- Establishing an office of the Ministry of State Security (read: the state intelligence) in the region with full impunity (opened a week after the law was passed);
- Establishing a new fully mainland-controlled body, Office for Safeguarding National Security in Hong Kong, for the sole purpose of overseeing the domestic affairs;
- Granting the NPC full authority to legislate over national security in Hong Kong;
- Requiring the city authorities to report on the progress of prevention measures to the mainland government;
The reforms clearly demonstrate an expansion of the mainland’s authority over Hong Kong’s inner affairs, yet also suggest potential issues with the government’s accountability. Firstly, Articles 41, 44, and 46 nurture a legal bias, allowing trials to be held secretly and without the jury’s presence, as well as granting the Hong Kong’s chief executives the right to pick judges for particular cases. Moreover, some of the provisions contain vague phrasing, such as Article 29, that could enable the mainland authorities to file cases against a large scope of misdemeanors. The article condemns “provoking <…> hatred among Hong Kong residents towards the Central People’s Government or the Government of the Region”, while it is rather hard to assess what is considered “hatred” and what would be counted for its expression. Also, Article 55 delegates the mainland authorities to investigate “complex” and “serious” matters without clarifying which are deemed to be such, thus letting the PRC take control over nearly any case.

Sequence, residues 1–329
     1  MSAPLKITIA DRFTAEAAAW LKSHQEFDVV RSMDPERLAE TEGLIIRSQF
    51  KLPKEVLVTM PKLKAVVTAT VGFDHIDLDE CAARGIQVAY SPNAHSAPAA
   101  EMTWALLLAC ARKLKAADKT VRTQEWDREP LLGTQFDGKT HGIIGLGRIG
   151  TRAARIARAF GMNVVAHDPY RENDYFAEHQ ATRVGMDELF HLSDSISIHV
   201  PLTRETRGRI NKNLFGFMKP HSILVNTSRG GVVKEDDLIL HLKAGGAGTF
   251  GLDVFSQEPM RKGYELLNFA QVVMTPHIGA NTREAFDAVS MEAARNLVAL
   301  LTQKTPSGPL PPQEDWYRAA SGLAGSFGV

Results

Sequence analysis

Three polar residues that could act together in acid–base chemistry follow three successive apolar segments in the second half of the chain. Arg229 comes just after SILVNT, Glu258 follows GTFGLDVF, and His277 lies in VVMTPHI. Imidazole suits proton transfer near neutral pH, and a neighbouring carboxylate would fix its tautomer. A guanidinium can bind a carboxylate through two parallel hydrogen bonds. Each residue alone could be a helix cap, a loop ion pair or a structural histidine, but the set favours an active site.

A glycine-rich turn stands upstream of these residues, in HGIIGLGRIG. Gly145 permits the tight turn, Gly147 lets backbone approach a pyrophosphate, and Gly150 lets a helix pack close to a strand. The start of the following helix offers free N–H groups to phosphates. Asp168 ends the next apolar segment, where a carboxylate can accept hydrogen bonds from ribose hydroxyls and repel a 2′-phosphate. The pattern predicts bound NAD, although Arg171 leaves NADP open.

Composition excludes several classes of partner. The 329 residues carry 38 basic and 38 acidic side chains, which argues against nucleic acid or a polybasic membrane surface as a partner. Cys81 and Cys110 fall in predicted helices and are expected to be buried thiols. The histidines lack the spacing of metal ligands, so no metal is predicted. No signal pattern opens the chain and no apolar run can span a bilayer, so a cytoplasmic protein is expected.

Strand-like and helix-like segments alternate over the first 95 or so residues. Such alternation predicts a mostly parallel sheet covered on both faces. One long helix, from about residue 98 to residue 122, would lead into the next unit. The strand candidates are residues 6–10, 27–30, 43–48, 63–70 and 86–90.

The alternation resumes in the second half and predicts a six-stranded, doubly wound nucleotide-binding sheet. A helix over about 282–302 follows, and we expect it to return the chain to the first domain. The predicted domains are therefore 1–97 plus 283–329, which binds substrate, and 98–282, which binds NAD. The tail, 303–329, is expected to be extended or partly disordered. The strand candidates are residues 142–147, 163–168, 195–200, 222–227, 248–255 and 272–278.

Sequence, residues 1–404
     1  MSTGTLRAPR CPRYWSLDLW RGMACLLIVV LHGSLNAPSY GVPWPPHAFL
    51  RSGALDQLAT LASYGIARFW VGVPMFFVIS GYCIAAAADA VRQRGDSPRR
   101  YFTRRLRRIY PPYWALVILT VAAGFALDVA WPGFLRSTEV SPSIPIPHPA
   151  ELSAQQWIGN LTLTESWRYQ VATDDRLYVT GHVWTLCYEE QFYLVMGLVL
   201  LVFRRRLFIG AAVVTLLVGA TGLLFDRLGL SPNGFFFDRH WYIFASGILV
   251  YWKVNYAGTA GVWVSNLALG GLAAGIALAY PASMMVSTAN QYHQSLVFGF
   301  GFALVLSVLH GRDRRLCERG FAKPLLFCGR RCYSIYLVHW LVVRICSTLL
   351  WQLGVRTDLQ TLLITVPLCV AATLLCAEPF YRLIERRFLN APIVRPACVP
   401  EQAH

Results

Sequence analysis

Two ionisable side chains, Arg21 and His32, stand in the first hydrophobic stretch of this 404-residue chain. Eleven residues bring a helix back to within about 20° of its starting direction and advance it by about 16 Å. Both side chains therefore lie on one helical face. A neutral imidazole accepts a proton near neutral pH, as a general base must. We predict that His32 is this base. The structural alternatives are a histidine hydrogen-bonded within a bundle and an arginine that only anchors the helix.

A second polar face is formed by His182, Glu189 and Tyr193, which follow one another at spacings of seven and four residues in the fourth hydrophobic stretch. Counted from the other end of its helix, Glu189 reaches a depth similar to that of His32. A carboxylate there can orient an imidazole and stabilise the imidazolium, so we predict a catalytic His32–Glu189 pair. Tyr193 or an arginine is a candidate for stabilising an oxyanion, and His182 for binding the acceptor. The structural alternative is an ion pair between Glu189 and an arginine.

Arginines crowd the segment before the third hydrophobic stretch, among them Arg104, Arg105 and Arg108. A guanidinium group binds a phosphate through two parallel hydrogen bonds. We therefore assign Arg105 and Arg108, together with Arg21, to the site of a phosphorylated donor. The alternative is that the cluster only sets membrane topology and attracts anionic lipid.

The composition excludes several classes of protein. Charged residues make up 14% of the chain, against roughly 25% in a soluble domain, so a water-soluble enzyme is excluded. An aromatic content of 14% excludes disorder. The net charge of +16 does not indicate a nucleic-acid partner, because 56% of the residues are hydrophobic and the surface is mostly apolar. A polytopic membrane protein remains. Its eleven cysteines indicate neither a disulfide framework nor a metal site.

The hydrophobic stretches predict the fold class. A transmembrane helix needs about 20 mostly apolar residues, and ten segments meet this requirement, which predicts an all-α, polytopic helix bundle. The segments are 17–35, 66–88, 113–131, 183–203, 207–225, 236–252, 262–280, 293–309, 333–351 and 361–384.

Practically speaking, under the new law, any anti-Beijing comments or actions could be classified as espionage or terrorism. As one can imagine, such overwhelming control from the mainland would be employed mainly for penalizing those who have previously taken part in protests or continues to oppose China’s rule in any shape or form, ceasing the freedom of speech. For instance, Professor Johannes Chan, a legal scholar at the University of Hong Kong, expressed concerns over the security law’s invasiveness, stating that it is likely to distort the region’s judicial system, making it resemble the mainland’s one. Thus, Hong Kong’s unique common law jurisdiction might be instinct over the following years. Additionally, according to Charles Low, the chairman of the Internet Society non-profit organization, the new regulations showed that the fears regarding the extension of the “Great Firewall” to Hong Kong are coming true, thus further jeopardizing the residents’ freedom of expression and access to information.